Monday, August 16, 2010

Choosing the Path of Least Resistance

I'm the kind of driver who, when needing to go left, will sometimes turn right, just to go with the flow--- until an opportunity appears to make a u-turn. I despise waiting, and loathe going against the flow. Constant motion is my desire. Like a cycle of nature, I'd rather go with the flow.

When cruising on my bicycle, I use the same principle. Rather than trying to be militant about my right to be on the road, I try to pick the route with the widest shoulder, the least congestion, and the greatest chance of my personal survival. Riding a bicycle requires diplomacy, especially when you consider that even the smallest of smart cars could potentially run you down and end your cycling career. For better or worse, the cyclist is connected to the environment in which he or she pedals. Not isolated by the artificial bubble of the automobile, the cyclist must be concerned about every shard of broken glass or sheet metal screw that could puncture a tire, every flying insect that could sting or blind him, every distracted soccer mom whose SUV could flatten him. For this, the cyclist is rewarded with a greater awareness of what it means to be a living, moving creature in that natural activity of moving from one place to another.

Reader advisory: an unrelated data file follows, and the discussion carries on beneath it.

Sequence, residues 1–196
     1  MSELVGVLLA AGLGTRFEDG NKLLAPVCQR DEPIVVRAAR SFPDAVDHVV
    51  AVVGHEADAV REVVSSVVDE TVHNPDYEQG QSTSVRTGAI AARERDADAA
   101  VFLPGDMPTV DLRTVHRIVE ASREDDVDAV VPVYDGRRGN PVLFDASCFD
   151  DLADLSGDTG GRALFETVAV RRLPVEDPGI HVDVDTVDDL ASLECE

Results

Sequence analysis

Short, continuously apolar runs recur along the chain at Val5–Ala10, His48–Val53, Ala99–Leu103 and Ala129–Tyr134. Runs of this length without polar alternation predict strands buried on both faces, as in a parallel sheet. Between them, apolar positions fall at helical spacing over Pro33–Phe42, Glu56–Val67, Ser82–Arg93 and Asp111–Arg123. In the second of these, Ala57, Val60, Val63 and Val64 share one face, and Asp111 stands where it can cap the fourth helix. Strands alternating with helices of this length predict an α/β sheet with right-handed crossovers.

Late to cycling in my adult life, being 35 years old before purchasing a "serious" bicycle for the purpose of commuting to and from work, I had initially reveled in the youthfulness that I felt when cycling through my neighborhood, nostalgic for the days of my adolescence, when my Huffy was my chariot.  Now into my third year of commuting by bicycle, I have begun to see cycling almost as a spiritual activity. It's hard to deny that there's a certain peacefulness in finding the downside of a long rolling hill, the breeze in your face, especially when the road is open, free of all vehicular traffic.


  1. True that. If I were to write an "This I Believe" story, it would be that I believe in cycling.